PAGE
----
Wednesday, January 16, 2008

What the Huck! (Owen McShane Edition)

Recently, writing about the farcical level of inaccuracy in a Garth George 'column' Gareth Renowden pondered whether the Herald's fact-checker was on leave. Self professed scientist Owen McShane adds weight to this speculation with a Huckabeean display of innumeracy in his most recent column.

The target of which was --- wait for it --- John Minto and his heretical views on property rights. For what it's worth, my own views on the role of property rights in economic development may, quite plausibly, be closer to McShane's than Minto's. But if you are going to opine in New Zealand's paper of record on property rights and poverty it helps if you have a clue.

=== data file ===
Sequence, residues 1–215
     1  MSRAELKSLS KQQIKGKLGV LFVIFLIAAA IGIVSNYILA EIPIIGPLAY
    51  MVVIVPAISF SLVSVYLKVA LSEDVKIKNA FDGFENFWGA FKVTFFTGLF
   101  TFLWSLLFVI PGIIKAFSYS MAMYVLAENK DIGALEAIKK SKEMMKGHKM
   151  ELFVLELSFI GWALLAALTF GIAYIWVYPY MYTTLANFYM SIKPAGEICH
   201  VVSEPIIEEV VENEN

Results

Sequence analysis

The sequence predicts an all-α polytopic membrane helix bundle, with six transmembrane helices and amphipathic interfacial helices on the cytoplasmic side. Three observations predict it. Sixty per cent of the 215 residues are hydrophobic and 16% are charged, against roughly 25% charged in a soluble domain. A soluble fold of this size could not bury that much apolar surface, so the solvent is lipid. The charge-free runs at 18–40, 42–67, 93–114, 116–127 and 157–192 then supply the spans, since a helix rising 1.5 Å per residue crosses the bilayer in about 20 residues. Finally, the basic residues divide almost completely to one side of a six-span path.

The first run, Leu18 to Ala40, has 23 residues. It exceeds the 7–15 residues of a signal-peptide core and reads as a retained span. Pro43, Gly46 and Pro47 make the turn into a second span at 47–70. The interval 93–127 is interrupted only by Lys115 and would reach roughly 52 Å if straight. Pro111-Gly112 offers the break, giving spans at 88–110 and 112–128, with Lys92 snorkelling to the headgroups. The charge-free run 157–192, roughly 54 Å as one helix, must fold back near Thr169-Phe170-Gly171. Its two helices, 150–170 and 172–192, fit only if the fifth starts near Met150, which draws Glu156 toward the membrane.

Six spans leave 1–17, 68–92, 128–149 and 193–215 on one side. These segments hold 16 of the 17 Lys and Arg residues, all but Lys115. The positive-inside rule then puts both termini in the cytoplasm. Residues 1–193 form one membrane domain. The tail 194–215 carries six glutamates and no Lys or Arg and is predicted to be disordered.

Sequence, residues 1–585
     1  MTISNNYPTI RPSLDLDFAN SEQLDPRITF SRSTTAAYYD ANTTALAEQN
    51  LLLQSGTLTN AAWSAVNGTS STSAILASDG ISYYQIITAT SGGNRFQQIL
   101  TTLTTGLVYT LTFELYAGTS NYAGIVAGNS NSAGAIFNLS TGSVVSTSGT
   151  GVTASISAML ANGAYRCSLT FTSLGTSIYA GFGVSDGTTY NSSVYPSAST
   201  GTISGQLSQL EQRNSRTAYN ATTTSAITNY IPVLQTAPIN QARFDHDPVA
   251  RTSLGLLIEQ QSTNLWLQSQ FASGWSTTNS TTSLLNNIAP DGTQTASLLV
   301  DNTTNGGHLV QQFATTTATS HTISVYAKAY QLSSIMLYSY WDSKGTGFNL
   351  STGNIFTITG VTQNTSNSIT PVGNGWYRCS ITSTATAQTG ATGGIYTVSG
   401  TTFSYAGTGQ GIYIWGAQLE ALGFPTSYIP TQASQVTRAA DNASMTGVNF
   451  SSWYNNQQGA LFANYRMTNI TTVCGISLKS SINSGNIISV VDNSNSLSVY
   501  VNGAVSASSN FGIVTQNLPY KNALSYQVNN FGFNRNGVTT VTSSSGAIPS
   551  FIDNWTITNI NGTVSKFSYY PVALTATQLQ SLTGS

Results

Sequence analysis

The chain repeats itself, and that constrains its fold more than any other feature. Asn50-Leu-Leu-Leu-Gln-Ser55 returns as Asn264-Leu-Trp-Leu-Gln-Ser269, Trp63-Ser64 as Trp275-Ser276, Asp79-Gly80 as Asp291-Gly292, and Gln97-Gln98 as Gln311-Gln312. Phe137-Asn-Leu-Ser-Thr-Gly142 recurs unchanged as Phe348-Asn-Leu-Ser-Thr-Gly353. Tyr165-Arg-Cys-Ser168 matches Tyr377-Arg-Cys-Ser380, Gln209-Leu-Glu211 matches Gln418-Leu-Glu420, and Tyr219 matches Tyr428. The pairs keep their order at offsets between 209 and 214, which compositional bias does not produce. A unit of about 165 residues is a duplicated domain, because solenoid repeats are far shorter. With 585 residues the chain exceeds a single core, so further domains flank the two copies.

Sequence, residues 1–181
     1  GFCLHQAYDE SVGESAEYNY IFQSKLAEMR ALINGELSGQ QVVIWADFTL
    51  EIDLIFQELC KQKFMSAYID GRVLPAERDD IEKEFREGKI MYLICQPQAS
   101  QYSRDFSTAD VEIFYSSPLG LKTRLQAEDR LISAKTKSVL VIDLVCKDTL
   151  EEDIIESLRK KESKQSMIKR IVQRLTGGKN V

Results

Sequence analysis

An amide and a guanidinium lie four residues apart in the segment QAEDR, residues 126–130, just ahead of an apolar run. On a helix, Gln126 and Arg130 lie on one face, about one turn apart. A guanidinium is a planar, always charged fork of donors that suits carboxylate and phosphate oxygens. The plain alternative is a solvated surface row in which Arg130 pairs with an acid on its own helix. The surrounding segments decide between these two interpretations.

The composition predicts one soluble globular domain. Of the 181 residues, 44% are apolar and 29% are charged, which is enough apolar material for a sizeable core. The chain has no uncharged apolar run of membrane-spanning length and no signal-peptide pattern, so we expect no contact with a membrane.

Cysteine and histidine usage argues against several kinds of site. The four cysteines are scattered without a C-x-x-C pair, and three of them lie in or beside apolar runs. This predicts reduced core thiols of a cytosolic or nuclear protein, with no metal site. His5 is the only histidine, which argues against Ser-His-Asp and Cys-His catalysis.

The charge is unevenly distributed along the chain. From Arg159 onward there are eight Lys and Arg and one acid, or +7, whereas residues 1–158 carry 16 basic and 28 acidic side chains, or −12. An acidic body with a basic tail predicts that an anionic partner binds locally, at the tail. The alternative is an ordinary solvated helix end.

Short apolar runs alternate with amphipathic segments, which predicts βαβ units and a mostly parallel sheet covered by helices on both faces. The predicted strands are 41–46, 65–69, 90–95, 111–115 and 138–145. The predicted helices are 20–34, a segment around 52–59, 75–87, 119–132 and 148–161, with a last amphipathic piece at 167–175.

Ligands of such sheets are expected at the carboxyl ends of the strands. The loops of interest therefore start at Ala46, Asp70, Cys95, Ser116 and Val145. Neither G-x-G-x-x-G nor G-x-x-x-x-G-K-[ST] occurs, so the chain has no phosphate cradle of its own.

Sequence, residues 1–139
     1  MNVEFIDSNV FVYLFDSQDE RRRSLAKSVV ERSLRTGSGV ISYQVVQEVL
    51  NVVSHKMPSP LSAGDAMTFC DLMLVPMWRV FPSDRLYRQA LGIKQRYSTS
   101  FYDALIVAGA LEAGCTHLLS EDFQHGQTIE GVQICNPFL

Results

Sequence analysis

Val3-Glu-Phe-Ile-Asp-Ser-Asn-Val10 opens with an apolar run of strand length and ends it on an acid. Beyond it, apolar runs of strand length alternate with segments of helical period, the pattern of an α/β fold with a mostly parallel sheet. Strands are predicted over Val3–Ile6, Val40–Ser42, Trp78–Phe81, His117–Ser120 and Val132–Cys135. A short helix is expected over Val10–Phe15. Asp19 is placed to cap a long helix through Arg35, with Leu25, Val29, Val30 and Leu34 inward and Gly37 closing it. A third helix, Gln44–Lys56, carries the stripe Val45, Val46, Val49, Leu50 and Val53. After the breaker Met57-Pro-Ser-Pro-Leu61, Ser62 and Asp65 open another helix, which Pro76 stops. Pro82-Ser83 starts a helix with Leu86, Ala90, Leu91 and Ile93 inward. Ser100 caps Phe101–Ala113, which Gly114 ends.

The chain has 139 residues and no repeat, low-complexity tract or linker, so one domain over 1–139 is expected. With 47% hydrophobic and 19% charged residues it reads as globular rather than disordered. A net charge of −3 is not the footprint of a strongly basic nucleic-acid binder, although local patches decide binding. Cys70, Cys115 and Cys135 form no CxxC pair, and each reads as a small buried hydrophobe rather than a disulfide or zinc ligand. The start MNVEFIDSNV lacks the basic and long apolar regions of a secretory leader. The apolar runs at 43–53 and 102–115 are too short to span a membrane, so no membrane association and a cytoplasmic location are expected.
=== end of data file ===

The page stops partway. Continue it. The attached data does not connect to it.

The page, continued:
And Owen McShane quite clearly doesn't. (I'm being nice here, it's also possible that he does and that he is simply being dishonest)

The catalyst for McShane is Minto's claim that:

The US has the highest levels of poverty in the Western world (more than 30 million) despite one of the highest per capita incomes in the world. Why would this be?
...and so McShane races to the US's defence:
Minto tells us that such Americans can only create poverty because "the US has the highest levels of poverty in the Western World (more than 30 million)" and asks, "Why would this be?"

Well, the answer is simple. The United States Official Poverty Rate (the OPR) is based on calculations that are available from 1959 onwards. For the total population of the US, this rate declined by nearly half over this period, from 22.4 per cent in 1959 to 12.7 per cent in 2004. It seems Americans do know something about reducing poverty.

Also, millions of Americans can be declared to be in poverty because the UN poverty index is based on the percentage of the population with disposable incomes of less than 50 per cent of the median.